This rejuvenation changes things up with a ton of interactive elements, with tunnels to crawl through for the youngest and arcade machines for older children – including a chance to navigate a recreation of the museum in Minecraft. There’s plenty of room for children to exercise their own imagination with a performance area, a design shed and an area for creating self-portraits – with examples on the wall for inspiration, ranging from Vincent Van Gogh to the selfie taken by the Curiosity Rover on Mars.
Those wanting that sweet hit of nostalgia needn’t worry as there’s still plenty of chance to check out toys we all had, from Space Hoppers, to He-Man action figures and a whole host of board games including Monopoly, Mousetrap and The Game of Life. This runs through to more recent inventions including the now-omnipresent micro scooters and a finger skateboard park that the museum surely has lots of replacements on hand for as they’ll undoubtedly go missing.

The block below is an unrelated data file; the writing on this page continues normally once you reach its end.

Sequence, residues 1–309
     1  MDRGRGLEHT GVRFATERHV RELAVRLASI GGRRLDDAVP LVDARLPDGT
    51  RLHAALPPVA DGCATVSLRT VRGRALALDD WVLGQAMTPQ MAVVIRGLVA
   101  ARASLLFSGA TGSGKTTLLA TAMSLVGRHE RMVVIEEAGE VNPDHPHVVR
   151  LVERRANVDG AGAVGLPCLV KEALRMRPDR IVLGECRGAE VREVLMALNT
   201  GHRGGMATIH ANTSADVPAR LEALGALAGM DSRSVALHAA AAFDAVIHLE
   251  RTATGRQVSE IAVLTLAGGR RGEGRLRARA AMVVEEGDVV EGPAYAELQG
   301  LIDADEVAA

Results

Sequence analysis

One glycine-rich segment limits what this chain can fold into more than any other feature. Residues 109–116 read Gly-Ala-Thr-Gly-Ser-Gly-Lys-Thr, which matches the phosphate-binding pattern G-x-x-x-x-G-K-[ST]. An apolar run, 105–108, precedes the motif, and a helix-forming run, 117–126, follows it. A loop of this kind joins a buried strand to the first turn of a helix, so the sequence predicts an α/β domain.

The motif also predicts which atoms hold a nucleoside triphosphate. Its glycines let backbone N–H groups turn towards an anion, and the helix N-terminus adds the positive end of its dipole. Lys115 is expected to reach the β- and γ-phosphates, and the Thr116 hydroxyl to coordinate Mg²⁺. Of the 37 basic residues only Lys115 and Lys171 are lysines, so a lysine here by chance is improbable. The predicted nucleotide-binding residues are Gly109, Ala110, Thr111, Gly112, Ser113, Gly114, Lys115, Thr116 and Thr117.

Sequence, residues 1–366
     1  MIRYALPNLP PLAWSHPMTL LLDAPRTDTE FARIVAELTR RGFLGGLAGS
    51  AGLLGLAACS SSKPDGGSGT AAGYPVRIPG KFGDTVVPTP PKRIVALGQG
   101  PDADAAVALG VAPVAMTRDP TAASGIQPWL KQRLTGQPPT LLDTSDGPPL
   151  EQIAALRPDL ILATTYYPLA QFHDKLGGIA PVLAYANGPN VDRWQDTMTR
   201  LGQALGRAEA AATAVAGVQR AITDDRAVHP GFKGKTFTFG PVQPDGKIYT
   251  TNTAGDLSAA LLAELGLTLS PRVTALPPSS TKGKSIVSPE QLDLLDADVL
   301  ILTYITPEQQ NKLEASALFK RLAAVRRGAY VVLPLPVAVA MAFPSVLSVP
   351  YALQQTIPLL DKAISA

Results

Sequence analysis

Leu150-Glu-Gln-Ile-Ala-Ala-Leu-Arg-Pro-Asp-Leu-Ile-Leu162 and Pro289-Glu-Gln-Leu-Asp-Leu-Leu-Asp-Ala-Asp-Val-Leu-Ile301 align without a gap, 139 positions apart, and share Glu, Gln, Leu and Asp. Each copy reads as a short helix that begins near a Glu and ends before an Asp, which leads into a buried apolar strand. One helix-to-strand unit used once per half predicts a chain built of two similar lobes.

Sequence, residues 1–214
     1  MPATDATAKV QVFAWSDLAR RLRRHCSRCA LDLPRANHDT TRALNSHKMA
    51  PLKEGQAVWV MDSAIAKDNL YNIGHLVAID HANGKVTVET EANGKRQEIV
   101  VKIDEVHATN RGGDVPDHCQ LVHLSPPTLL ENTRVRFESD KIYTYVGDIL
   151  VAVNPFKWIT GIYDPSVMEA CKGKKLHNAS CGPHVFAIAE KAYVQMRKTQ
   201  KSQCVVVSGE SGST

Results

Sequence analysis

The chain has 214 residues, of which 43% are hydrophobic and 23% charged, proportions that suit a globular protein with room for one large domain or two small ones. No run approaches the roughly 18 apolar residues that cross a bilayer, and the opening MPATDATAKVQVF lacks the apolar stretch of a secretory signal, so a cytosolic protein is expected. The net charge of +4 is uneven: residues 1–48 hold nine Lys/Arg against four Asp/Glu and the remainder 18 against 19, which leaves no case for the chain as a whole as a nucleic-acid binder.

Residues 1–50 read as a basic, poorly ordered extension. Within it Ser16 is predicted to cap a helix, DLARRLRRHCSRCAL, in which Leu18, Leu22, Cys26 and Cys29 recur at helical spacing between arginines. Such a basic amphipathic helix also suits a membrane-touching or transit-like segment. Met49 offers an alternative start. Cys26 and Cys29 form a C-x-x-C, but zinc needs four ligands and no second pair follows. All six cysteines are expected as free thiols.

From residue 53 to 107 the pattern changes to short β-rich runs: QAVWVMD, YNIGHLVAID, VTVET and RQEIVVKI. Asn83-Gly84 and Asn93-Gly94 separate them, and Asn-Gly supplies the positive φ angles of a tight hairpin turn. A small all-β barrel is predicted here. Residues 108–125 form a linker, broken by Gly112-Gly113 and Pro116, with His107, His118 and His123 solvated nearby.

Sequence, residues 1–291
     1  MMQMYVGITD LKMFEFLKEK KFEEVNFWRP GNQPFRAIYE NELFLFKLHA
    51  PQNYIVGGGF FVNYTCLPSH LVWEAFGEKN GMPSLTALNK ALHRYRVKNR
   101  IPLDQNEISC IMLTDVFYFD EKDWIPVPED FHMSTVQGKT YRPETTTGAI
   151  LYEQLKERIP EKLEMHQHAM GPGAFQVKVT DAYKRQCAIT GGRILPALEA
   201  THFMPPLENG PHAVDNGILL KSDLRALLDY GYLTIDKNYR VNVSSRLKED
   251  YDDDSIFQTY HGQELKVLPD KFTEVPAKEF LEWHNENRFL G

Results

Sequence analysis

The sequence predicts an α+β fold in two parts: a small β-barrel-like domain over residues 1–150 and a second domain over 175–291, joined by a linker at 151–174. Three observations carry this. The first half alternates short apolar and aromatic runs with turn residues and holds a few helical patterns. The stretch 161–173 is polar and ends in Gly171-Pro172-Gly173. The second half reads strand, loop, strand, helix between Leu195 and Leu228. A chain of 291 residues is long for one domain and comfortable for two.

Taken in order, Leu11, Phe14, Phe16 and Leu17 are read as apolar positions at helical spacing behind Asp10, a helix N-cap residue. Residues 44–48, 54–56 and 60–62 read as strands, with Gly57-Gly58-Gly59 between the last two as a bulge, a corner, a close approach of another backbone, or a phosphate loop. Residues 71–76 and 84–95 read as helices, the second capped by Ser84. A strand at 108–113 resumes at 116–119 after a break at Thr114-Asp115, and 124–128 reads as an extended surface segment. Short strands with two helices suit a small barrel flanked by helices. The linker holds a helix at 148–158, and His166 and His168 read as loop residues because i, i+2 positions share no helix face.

A particularly moving display is that of Open Bionics who work with children to turn their disabilities into something more affirming so they’ve developed a prosthetic arm that can clip on new coverings so it can turn into an Iron Man or Black Panther style arm.
Throw in a section on doll’s houses, the optical illusion of an Ames room where standing in one corner makes you appear gigantic and at the other end miniaturised, and a mirrored spiral staircase and this rejuvenation is a triumph. This used to be a museum about remembering childhood, and now it’s one for celebrating childhood.
Second and third image copyright David Parry.
|What||Young V&A, review|
|Where||V&A Museum of Childhood, Cambridge Heath Rd, London, E2 9PA | MAP|
|Nearest tube||Bethnal Green (overground)|
01 Jul 23 – 31 Dec 23, 10:00 AM – 6:00 PM
|Website||Click here for more information|